Recently, I was in Nice for a three-day gathering of 150 European IBM Big Data specialists. Looking around the room at the opening plenary made me think how fast the world of big data is moving and how quickly our community is growing.
One of the topics that got discussed a lot–in the breaks and in some of the sessions–was the best places for an organization to look for their first big data project[i]. There is a school of thought that you treat the first one like a science project, just to learn about the technologies, but my instinct is to look for business ROI right from the start. Otherwise, you risk creating an aura of immaturity around your big data efforts, a sense that it’s not ready for mainstream, which may make it harder to build momentum later.
But where to look for the quick hit?
According to a recent survey by Ventana Research, the most common data source for a big data technology project is existing corporate data; adding low-cost Hadoop analytics to extend the data warehouse capability. The second major use case category for big data technology right now is ingesting data from a new source into the warehouse to enrich existing warehouse applications.
Interestingly, the most talked about set of use cases–social media analytics–is not the most commonly implemented. There are some good reasons for this–data privacy and identity being just a couple–but also the fact that for many organizations it’s not that obvious how to monetize social data.
It’s easy to see why use cases that exploit existing technologies, existing data or existing skills are front and center in the search for early big-data projects. And so they should be, precisely because they are more familiar ground, and they are more incremental–and as a long-time agilista, that’s music to my ears.
But if you want to make a case for pure social data analytics, there is one simple and potentially high-value way to mine social data–what I call crowdsourcing[ii]. Lots of strategic marketing decisions get taken on the basis of relatively small sample surveys and focus groups. In a world where you couldn’t get the data about wider attitudes to your product, competitors, product category, public tastes etc, those represent market research best practice. But social media mean you can get a much wider picture very cheaply. I’ve written before about using social media to hone marketing campaigns in-flight. That’s a monitoring and corrective app. You just couldn’t do that kind of thing before. And even though your data points are less reliable (self-selecting samples, ambiguous textual data) the sheer volume of data-points outweighs that[iii]. And in some senses self-selecting becomes a strength–you’re getting the opinions of the people who are prepared to put their money where their tweets are (“I am so going to see this movie,” “this movie sucks. you couldn’t pay me to watch it”).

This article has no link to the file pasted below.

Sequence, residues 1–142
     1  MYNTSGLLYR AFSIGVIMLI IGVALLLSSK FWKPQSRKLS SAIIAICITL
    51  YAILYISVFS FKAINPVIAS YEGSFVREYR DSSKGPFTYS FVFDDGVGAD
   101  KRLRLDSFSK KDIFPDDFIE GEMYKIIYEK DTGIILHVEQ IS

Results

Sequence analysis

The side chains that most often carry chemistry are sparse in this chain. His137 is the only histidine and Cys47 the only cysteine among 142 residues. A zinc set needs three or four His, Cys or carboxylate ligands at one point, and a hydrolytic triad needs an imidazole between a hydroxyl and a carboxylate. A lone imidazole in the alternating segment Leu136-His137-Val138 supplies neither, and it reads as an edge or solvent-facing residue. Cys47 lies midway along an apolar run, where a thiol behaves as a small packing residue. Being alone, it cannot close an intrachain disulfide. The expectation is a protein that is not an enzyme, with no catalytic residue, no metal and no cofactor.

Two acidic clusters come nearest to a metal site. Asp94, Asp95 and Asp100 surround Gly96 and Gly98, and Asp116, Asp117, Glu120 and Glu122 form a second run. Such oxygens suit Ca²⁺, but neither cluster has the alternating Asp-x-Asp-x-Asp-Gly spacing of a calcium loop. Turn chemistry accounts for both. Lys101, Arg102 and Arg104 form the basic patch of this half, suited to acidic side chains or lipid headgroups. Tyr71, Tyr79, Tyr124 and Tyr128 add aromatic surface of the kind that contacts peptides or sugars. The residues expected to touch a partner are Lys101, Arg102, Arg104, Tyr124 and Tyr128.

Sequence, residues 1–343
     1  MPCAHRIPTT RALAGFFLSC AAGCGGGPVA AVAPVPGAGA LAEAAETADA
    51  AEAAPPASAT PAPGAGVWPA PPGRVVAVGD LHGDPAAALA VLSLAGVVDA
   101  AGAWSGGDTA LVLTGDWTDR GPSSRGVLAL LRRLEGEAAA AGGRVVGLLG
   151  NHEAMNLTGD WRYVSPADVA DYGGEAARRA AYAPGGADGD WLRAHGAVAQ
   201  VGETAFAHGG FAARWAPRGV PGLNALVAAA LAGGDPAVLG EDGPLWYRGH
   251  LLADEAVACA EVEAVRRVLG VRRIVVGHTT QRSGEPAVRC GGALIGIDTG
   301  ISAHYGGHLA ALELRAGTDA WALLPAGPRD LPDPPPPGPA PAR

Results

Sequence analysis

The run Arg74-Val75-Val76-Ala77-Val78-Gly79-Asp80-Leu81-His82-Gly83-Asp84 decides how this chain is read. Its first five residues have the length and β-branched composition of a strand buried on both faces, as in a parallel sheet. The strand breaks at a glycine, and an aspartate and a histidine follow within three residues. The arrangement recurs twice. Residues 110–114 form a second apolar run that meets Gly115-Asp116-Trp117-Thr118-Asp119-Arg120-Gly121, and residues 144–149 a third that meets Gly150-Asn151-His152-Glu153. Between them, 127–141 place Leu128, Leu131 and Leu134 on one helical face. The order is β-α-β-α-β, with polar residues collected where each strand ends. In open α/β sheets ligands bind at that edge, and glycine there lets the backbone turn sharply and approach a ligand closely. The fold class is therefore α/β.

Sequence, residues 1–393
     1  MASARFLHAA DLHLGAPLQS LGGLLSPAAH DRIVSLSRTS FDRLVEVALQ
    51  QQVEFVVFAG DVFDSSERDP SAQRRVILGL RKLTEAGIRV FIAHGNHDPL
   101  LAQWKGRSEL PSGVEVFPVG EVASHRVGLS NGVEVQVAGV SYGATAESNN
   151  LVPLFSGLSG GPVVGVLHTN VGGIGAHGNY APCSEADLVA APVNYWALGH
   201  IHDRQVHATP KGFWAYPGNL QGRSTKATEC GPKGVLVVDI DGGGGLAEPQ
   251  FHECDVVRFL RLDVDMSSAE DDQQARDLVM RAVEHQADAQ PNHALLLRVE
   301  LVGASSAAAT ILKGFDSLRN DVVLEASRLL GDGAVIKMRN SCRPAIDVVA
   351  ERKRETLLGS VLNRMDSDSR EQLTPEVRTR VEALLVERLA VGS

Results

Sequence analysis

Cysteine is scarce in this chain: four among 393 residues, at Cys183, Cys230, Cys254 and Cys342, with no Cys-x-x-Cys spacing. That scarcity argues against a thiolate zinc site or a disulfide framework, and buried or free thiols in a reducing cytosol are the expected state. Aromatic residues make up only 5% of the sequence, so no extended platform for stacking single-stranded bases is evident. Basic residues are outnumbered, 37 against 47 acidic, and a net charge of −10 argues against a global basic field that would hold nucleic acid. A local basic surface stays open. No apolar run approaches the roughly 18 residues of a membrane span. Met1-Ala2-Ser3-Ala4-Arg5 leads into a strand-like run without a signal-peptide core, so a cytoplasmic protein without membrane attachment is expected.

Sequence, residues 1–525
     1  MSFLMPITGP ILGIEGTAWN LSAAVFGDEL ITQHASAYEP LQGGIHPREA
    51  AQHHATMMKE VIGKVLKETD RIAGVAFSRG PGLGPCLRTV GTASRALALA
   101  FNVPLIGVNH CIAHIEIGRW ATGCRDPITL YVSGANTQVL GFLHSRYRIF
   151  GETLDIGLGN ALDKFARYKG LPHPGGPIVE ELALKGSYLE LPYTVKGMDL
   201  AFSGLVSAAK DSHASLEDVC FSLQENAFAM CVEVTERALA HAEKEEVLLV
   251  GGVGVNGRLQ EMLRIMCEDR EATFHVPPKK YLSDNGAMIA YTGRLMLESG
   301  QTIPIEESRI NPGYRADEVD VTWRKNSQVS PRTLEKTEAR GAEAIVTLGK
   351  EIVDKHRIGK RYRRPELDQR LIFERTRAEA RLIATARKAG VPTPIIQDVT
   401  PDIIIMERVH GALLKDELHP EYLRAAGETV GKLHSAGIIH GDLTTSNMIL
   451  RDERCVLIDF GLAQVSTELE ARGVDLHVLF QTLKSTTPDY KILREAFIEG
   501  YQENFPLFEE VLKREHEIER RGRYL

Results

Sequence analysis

So anywhere you are making decisions on gut feel or small samples of consumer taste, ask yourselves, “Can I find a ready-made source of answers to my sample questions (Twitter, forums, blog post, own web site visitors)?” [iv]
The funniest moment of my trip to Nice was when I was sitting in a bar in Nice old town around midnight, amidst a group of old Netezza colleagues who had been around from pre-IBM acquisition. We were talking about big data, analytics, NoSQL databases–all the usual stuff that gets data geeks excited. And someone at the next table complained about us. Of course, I immediately apologized, we were bang out of order, but it was the first time I’ve been thrown out of a bar for talking shop. We found another bar and managed to talk about less arcane topics, including the relative merits of Oregon-style IPA and traditional English Bitter, and The Wordy Shipmates–a less than conventional history of the Mayflower settlers.
[iii] Right now I think it is a case of pragmatic evidence, rather than mathematical evidence that the larger, but individually less reliable, social media data samples are more valid than small, more rigorously selected samples. I’m prepared to be proved wrong if evidence emerges that self-selecting social-media surveying is necessarily biased, but right now I’m going with pragmatism because there is plenty of evidence that has value. Clearly you still have to design your survey with some thought.
[iv] There’s a UK smoothie vendor founded their business on crowdsourcing. They tried out their fresh fruit smoothies at a music festival in 1999 Here’s their story. That wasacrowdsourcing with empty cups, not social media commentary, vut the principle abides, and anyway, it's a nice story. The smoothies aren’t bad either.